The following films run in LOOP:
Chris Marker La Jetée (F 1962), 28 min
Agnès Varda Salut les Cubains (F 1963), 30 min
Jutta Brückner Tue recht und scheue niemand – Das Leben der Gerda Siepenbrink (1975), 65 min
Helke Misselwitz 35 Fotos – Bilder aus einem Familienalbum (1988), 7 min
Peter Nestler Das Warten (Väntan) (1985), 6 min
Marc Thümmler Radfahrer (2008), 27 min
Tina Bara Lange Weile (2017), 60 min
Elfi Mikesch Wünsdorf (2020), 32 min
The films will be shown twice a day between 11:00 am and 7:30 pm in the Black Box at Pariser Platz, on October 1 three times a day between 12:00 and 24:00. Admission is free and access is possible at all times, depending on the number of seats available and in compliance with hygiene measures.
A further focus is the events surrounding the central exhibition CONTINENT – In Search of Europe at the Academy of Arts on Pariser Platz. Guided tours of the artists*, discussion groups as well as artist and BookTalks offer exciting insights into the photographic confrontation of the 23 members of OSTKREUZ – Agency of Photographers with the European present.
Berlin, 1945–2000: A Photographic Subject, at Reinbeckhallen
From September 18, 2020 to January 24, 2021, the Stifung Reinbeckhallen Collection of Contemporary Art presents the exhibition “Berlin, 1945-2000: A Photographic Subject” curated by Candice M. Hamelin. It also acts as part of the EMOP Berlin – European Month of Photography in October 2020.
Maria Sewcz – ohne Titel, aus der Serie inter esse, Berlin, 1985–1987,
Silbergelatineabzug (Vintage), 40 x 50 cm, © Maria Sewcz
The exhibition examines the ways in which German and international photographers photographed Berlin between the immediate post-war years and the end of the 20th century. It includes photographs and photo series by 23 photographers who made Berlin their subject and sometimes also the inspiration for their work. More on this in this article.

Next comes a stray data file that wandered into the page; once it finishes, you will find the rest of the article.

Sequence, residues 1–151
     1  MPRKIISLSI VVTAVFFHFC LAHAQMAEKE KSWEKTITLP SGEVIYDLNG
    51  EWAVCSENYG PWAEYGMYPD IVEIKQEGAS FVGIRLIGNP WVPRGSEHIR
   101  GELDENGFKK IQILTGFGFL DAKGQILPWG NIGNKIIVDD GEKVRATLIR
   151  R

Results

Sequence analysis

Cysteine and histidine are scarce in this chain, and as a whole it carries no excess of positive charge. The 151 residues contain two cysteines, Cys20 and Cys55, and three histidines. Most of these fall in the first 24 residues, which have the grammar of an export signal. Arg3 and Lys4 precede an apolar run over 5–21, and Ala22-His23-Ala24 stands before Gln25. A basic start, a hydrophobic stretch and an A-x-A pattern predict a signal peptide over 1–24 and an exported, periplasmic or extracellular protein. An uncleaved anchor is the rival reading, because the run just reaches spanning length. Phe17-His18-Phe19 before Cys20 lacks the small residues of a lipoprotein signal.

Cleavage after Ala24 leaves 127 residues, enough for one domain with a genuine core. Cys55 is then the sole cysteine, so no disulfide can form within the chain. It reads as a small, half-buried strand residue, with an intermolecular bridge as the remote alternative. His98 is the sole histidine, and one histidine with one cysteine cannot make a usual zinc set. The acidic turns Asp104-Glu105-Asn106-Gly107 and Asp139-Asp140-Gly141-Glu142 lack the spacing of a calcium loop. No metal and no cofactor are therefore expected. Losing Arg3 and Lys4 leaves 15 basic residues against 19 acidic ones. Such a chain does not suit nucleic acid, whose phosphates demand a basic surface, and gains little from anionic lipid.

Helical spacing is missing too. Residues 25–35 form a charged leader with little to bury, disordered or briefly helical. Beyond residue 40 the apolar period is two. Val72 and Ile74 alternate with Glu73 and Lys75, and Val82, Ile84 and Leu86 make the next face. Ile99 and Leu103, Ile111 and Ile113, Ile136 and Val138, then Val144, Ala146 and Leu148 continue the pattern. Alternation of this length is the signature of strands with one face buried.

Ruth & Lotte Jacobi, at Willy-Brandt-Haus
On display is the photographic work of the two sisters from one of the oldest photographer families in pre-war Germany. While Lotte Jacobi became famous as a representative of New Photography as early as the 1920s with her portraits of Albert Einstein, Käthe Kollwitz, Lotte Lenya, Klaus and Erika Mann, among others, her sister Ruth’s work is still largely unknown today; it includes portraits, still lifes, reportage, travel, plant and experimental photography.
Paris by feet, at argus fotokunst
The GDR photographer Roger Melis was allowed to travel to the Seine in 1982. During his daily walks through the city, he took famous photographs of this place of longing. His street photography shows normal Parisian everyday life. At the same time, he created his own individual portrait of Paris. The resulting book became a cult.
Migration as Avant-Garde, at C/O Berlin
In his long-term project (2008-2017), Michael Danner weaves his own photographs, archival footage and quotes from Hannah Arendt associatively into a visual dialogue about one of the oldest phenomena of mankind: movement from one place to another. The result is a moving, critical and stirring contribution about the borders of Europe and a counter-proposal to the classic narrative of news images.
Masculinity: Liberation through Photography, im Gropius Bau
At a time when classical images of masculinity are in crisis and concepts such as “toxic” and “fragile” masculinity are shaping social discourses, over 300 works by 50 international women artists offer a panorama of the cinematic and photographic examination of the masculine in all its contradictions and complexity. With works by Laurie Anderson, Richard Avedon, Rotimi Fani-Kayode, Peter Hujar, Isaac Julien, Annette Messager and Catherine Opie, among others.
Blind photographers* inside, in f 3 – free space for photography.
Four photo authors – Susanne Emmermann, Mary Hartwig, Silja Korn, Gerald Pirner – who have gone blind in the course of their lives, deal with the impossible: seeing. For their photographs they use the technique of light painting. In completely darkened rooms, they work out the aspects of a picture with different light sources.
The complete EMOP program for Berlin: